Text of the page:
Maretzek Italian Opera: Don Giovanni

Event Information

Academy of Music

Manager / Director:
Max Maretzek

Max Maretzek

Event Type:

Record Information


Last Updated:
29 August 2018

Performance Date(s) and Time(s)

03 Feb 1864, Evening

Performers and/or Works Performed

aka Dissoluto punito, Il; ossia Il Don Giovanni Libertine Punished, The; or Don Giovanni
Composer(s): Mozart
Text Author: da Ponte
Participants:  Maretzek Italian Opera Company;  Wilhelm [baritone] Müller (role: Commendatore);  Fanny Stockton (role: Donna Elvira);  Guglielmo Lotti (role: Don Ottavio);  Amati Dubreuil (role: Masetto);  Clara Louise Kellogg (role: Zerlina);  Fernando [bass-baritone] Bellini (role: Don Giovanni);  Giuseppina Medori (role: Donna Anna);  Hannibal Biachi (role: Leporello)


Advertisement: New York Herald, 02 February 1864.

Announcement: New York Post, 02 February 1864.

Announcement: New-York Times, 02 February 1864, 4.

Advertisement: New-York Times, 02 February 1864, 7.
Advertisement: Courrier des États-Unis, 02 February 1864.

Announcement: New York Herald, 02 February 1864.

Announcement: New York Post, 03 February 1864, 2.

“‘Don Giovanni’ is usually reserved by managers to close a season with éclat; but Maretzek’s present repertoire includes so many attractive works that there is no necessity for him to look to Mozart’s work as a last resort.”

Announcement: New-York Times, 03 February 1864, 4.

“The cast is the same as last season, and is in all respects admirable.  Our own admirable prima donna, Miss Kellogg, makes her rentrée as Zerlina.

Advertisement: New-Yorker Staats-Zeitung und Herold, 03 February 1864.

Review: New York Herald, 04 February 1864.

“The usual display of toilets made on these occasions proves that shoddy in New York is determined to vie with the Boston aristocracy; in fact, to outdo its best efforts in the show of diamonds and laces.  Our Academy of Music has seldom presented a more attractive appearance than last evening.  The beau monde were out in force.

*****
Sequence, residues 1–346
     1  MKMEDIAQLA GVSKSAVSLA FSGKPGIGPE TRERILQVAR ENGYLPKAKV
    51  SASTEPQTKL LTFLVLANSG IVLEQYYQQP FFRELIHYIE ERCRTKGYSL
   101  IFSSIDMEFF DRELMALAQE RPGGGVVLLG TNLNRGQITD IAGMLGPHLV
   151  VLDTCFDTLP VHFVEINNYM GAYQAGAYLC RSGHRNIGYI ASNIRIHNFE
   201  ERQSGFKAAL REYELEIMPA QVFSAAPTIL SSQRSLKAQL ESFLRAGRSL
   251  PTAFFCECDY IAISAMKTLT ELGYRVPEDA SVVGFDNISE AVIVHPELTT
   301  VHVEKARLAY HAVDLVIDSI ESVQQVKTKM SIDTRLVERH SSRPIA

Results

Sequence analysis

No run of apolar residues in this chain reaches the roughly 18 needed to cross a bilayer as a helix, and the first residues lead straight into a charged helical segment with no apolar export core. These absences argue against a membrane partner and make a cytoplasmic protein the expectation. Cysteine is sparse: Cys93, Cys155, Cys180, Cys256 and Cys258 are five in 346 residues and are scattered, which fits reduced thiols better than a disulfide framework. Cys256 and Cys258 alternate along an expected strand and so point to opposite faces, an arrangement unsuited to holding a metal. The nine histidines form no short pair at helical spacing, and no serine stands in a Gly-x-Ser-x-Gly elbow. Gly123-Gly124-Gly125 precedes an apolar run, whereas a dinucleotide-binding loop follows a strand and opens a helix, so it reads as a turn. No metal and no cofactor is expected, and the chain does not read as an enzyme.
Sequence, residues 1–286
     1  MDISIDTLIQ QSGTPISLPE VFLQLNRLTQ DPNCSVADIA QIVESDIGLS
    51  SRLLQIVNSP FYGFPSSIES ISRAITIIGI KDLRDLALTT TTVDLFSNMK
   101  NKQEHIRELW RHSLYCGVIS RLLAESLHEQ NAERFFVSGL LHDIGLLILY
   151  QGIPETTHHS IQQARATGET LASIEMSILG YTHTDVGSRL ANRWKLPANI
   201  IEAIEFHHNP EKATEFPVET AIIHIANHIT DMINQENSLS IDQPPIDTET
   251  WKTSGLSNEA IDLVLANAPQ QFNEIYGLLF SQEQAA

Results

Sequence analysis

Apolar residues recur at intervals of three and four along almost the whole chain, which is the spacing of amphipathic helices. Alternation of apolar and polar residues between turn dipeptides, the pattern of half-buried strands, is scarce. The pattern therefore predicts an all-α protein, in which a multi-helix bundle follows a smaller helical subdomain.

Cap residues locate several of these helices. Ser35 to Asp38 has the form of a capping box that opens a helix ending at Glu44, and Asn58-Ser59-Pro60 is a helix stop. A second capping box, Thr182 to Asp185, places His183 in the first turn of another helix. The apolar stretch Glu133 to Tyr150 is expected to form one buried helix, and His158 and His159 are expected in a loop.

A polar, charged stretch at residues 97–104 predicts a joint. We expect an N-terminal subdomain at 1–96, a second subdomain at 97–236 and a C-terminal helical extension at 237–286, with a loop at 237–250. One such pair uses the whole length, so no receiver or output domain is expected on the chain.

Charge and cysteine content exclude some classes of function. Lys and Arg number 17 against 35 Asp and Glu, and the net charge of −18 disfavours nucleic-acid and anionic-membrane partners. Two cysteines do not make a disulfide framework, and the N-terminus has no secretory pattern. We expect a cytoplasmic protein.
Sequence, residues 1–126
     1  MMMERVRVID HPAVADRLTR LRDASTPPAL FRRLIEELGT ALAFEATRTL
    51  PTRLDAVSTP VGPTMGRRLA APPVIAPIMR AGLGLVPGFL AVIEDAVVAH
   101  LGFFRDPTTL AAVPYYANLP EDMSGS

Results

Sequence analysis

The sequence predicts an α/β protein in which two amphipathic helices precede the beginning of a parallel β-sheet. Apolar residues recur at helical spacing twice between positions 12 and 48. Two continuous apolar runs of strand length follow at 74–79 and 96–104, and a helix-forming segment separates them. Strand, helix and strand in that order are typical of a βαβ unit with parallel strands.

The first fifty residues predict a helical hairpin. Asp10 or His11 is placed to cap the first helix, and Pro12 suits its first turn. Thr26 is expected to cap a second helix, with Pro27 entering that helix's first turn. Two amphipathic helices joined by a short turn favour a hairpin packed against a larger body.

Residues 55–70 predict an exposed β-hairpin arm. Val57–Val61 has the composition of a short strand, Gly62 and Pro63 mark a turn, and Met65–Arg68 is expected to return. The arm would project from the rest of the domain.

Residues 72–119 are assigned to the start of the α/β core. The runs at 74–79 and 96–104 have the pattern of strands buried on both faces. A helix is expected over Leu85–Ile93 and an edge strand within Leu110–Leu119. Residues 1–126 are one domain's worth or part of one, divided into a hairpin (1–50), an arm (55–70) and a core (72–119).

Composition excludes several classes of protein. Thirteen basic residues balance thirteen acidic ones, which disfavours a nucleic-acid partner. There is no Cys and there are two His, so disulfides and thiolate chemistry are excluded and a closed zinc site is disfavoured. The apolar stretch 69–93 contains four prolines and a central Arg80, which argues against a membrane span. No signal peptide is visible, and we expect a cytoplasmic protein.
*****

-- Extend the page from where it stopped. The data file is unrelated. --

Mozart’s great opera, Don Giovanni, was sung on this occasion and the performance was certainly most brilliant.  Mme. Medori and Miss Kellogg were, as usual, most successful in this opera, and received the warmest applause. Miss Stockton was a very satisfactory Donna Elvira. Signors Bellini, Lotti and Biachi were also very successful in their roles, and were much applauded. The opera passed off with the usual eclat.

Review: New York Post, 04 February 1864.

“The opera was brilliantly attended last night, and the performance of ‘Don Giovanni,’ though not as good as we are accustomed to have, possessed many points of merit. Miss Kellogg was warmly received, and sang charmingly the Vedrai Carino, receiving a deserved encore—a compliment also awareded to the trio of maskers. Medori was passionate and grand as Donna Anna, but yet did not elicit the applause other artists have won in the part. Miss Stockton, as Elvira, shows that she has made a creditable advance in her profession since she was last here, and, barring a little crudeness, was quite satisfactory. The same cannot be said of the Ottavio of the evening. Biachi was a rather amusing Leporello and sang admirably, while Bellini looked the Don to perfection, but does not otherwise make his mark in the character.”

Review: New-York Times, 04 February 1864, 4.

Academy of Music.—‘Don Giovanni’ was given last night with much spirit and effect, Miss Kellogg being especially delightful in Zerlina. It is one of the lady’s very best rôles. Signor Bianchi was an excellent Leporello, and received the honor of an encore in the first act. Mme. Medori, in the dramatic intensities of Donna Anna, was as usual, very effective, and Signor Bellini made a good-looking Don Giovanni. The performance was received with marked approbation by a brilliant audience.”

Review: New-York Daily Tribune, 04 February 1864, 8.

Brief. “The time-honored opera of Don Giovanni was played to an excellent house last night with the customary applause at the special points. The cast included Madame Medori, Miss Kellogg, Miss Stockton, Signor Lotti, Signor Bellini and Signor Biachi. The pieces most noticed by the brilliant audience were the Mask Trio, the Catalogue Solo, Batti, etc. There was a fine display of talents, and youth and good looks abounded.”

Review: New York Clipper, 13 February 1864, 347.

“Max Maretzek’s Italian Opera Troupe filled up the entire week at the Academy, giving six operatic performances to pretty good business.”

COMMENT: The Maretzek Troupe only gave five performances this week.